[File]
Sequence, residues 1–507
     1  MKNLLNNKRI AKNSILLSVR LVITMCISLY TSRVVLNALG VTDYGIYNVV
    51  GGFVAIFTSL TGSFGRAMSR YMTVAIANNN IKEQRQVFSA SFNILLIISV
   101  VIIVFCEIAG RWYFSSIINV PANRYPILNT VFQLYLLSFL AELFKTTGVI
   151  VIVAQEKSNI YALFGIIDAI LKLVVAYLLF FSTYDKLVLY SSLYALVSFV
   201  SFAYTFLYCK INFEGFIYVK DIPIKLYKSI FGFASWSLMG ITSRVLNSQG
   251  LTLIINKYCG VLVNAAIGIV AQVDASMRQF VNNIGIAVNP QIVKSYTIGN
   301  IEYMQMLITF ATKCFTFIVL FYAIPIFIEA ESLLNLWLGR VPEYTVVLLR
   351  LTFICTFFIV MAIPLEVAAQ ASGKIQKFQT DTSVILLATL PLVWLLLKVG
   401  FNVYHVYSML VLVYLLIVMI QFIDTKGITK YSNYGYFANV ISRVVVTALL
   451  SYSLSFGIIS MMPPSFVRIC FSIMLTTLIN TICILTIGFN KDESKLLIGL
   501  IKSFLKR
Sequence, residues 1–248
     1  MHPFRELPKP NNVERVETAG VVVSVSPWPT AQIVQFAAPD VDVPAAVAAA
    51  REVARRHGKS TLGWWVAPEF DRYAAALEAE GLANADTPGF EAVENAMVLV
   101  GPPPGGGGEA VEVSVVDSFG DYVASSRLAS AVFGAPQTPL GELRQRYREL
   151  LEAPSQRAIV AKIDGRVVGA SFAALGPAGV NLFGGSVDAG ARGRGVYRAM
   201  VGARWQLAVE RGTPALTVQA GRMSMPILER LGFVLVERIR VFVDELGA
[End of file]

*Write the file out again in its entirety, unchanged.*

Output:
Sequence, residues 1–507
     1  MKNLLNNKRI AKNSILLSVR LVITMCISLY TSRVVLNALG VTDYGIYNVV
    51  GGFVAIFTSL TGSFGRAMSR YMTVAIANNN IKEQRQVFSA SFNILLIISV
   101  VIIVFCEIAG RWYFSSIINV PANRYPILNT VFQLYLLSFL AELFKTTGVI
   151  VIVAQEKSNI YALFGIIDAI LKLVVAYLLF FSTYDKLVLY SSLYALVSFV
   201  SFAYTFLYCK INFEGFIYVK DIPIKLYKSI FGFASWSLMG ITSRVLNSQG
   251  LTLIINKYCG VLVNAAIGIV AQVDASMRQF VNNIGIAVNP QIVKSYTIGN
   301  IEYMQMLITF ATKCFTFIVL FYAIPIFIEA ESLLNLWLGR VPEYTVVLLR
   351  LTFICTFFIV MAIPLEVAAQ ASGKIQKFQT DTSVILLATL PLVWLLLKVG
   401  FNVYHVYSML VLVYLLIVMI QFIDTKGITK YSNYGYFANV ISRVVVTALL
   451  SYSLSFGIIS MMPPSFVRIC FSIMLTTLIN TICILTIGFN KDESKLLIGL
   501  IKSFLKR
Sequence, residues 1–248
     1  MHPFRELPKP NNVERVETAG VVVSVSPWPT AQIVQFAAPD VDVPAAVAAA
    51  REVARRHGKS TLGWWVAPEF DRYAAALEAE GLANADTPGF EAVENAMVLV
   101  GPPPGGGGEA VEVSVVDSFG DYVASSRLAS AVFGAPQTPL GELRQRYREL
   151  LEAPSQRAIV AKIDGRVVGA SFAALGPAGV NLFGGSVDAG ARGRGVYRAM
   201  VGARWQLAVE RGTPALTVQA GRMSMPILER LGFVLVERIR VFVDELGA